Thanatos Schism

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Date : 2021

Thanatos (Θάνατος) the greek personification of Death is the god responsible to guide the dead to the underworld. His genealogy is explained for the first time in the poem Theogonía by Hesiod, who says that He is son of Nyx (goddess of the Night) and Erebos (god of the Darkness). The poet also describes his twin brother Hypnos who personifies the Sleep. 

His obscure nature gave him very negative attributes and to emphasise that  idea, it was given to him more gloomy siblings such as “Suffering”, “Doom”, “Retribution”, “Deception”, “Blame”, “Strife” or “Old-age”. This dark atmosphere that surrounds him tends to get worse throughout the ages, specially during the Middle Ages. Among some other moralistic concepts of Hell or Sin, the Death was used as a tool to inflict the most apolitical fear on people, in order to manipulate them effortlessly.

In the original personifications, Thanatos appears  as a winged young man; the figure evolved to his most popular aspect during the 14th century in Europe . At this time, when the world faced its worst pandemic, he became to be known as “The Grim Reaper”. 

The ancient angelic figure rot and turned into a skeletal figure, symbol of human decaying; the black robe is commonly associated to religious funerary outfits of that epoch, while the famous scythe (symbol of Saturn and Time in classical times) it is said to be inspired by the agricultural practices and harvesters – with this tool the figure assumes the job of a reaper (of souls).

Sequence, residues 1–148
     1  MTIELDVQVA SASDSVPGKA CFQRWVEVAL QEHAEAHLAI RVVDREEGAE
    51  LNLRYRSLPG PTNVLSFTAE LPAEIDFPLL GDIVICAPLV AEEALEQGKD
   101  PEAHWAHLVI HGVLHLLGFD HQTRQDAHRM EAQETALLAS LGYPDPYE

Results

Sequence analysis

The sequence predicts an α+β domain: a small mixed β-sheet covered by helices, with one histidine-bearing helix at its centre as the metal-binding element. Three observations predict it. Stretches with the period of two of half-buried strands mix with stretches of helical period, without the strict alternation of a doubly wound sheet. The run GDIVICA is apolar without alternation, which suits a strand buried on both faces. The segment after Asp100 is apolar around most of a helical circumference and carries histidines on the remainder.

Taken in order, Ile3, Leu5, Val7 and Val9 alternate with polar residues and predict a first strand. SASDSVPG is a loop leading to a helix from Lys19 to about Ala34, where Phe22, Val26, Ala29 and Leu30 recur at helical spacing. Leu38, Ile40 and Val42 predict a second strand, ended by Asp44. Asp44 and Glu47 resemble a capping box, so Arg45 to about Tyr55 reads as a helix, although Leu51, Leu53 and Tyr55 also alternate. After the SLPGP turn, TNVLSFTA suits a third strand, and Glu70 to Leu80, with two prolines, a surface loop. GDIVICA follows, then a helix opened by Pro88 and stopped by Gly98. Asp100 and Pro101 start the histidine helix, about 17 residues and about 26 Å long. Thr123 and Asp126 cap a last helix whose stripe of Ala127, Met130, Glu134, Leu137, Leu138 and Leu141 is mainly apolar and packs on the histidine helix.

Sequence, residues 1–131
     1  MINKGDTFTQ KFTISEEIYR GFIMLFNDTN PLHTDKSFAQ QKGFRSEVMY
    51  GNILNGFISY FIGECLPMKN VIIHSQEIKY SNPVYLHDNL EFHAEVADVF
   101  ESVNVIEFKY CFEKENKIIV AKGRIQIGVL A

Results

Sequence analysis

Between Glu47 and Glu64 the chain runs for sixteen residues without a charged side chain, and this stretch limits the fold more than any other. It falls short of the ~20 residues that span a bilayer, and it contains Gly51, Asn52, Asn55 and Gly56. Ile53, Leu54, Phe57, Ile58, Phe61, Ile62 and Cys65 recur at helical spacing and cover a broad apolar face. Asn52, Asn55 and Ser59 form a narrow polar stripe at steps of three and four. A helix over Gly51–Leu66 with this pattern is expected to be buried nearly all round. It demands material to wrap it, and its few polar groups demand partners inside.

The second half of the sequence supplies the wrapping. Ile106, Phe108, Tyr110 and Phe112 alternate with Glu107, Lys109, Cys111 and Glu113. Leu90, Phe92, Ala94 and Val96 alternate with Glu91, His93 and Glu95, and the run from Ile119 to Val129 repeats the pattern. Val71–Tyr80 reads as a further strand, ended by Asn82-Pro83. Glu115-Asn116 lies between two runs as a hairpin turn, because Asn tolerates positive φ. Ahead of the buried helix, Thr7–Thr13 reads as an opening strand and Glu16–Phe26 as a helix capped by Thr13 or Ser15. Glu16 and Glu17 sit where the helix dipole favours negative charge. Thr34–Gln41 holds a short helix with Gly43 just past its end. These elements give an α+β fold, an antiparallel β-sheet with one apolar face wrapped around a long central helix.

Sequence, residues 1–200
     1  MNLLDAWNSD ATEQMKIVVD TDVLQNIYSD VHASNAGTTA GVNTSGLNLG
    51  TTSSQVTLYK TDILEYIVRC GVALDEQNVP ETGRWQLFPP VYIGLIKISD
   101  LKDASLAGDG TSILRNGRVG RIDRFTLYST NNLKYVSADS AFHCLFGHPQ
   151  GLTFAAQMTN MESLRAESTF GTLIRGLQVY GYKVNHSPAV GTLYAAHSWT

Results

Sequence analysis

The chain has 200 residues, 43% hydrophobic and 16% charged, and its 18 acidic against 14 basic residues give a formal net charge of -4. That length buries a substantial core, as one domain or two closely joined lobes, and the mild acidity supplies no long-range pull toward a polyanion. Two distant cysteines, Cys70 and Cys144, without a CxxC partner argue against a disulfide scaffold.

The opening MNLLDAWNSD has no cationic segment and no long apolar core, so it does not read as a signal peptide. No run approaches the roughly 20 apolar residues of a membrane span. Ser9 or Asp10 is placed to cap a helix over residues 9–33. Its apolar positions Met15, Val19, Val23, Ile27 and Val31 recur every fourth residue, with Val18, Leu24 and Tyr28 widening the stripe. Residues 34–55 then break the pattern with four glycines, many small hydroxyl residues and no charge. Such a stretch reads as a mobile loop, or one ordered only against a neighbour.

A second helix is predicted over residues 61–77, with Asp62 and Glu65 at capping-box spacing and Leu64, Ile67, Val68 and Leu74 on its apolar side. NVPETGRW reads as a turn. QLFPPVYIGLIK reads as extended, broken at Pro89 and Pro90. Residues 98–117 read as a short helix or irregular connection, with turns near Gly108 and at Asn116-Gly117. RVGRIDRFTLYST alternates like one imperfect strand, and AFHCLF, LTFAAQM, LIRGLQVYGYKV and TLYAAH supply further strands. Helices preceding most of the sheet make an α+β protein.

Through the dark ages, the reputation of the personified Death grew beyond measure and we still “celebrate” the same image in the current times. 

“Black Agnes / Thanatos” a monument to John E. Hubbard (1847-1899) in Green Mount Cemetery, Montpelier, Washington County. U.S.

Our own interpretation wants to confront all the previous depictions, just like the neoclassical and romantic artists / poets from the 18th-19th century, by merging both classical and medieval references of the figure. During the Neoclassic and Romanticism period,  the artists brought back the original image of Thanatos in a more poetic way- that eased a little his darkest and negative features.

Unlike the traditional portraits, we decided to cut off his wings and move him away from the idea of dark angel and turn him into a phantasmal apparition who comes to us as a divine revelation – He kinda look like the Nazgûl, the black riders from the Lord of the Rings.

His cadaverous chest is filled with dry roots and branches and, just like the wooden structured behind him, refer to the carnal world and the end of a physical cycle. 

The static posture resembles a religious icon, just like a Virgin Mary or even more like the Santa Muerte

“Death in the Pale Horse” - detail. Gustave Doré, 1865.

Under the hood we usually find a skull or a human face but we preferred to have him unrecognised to reflect the unknown aspects of our minds; our fears and doubts. 

In general, the design looks like an altar and it has a very ritualist tone, emphasised by the ceremonial daggers, the side skulls and the blood bowl at the centre. 

We also got some inspiration from some cults to Thanatos – You can easily find interesting Orphic Hymns dedicated to him and more contemporary prayers to end the suffering of the dying or to a painless end, described sometimes as “good dead”.

The circle behind his head is straightly connected to the cycles and how our lives are made of them. Symbolically, the death represents the end of a cycle and a new beginning just like the Death in the Tarot – The sun sets and dies every day to rise with huge splendour in the very next morning. 

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“Death” - Jacek Malczewski, 1902.
“Denise Poncher before a Vision of Death”- Master of the Chronique scandaleuse, ca 1500.
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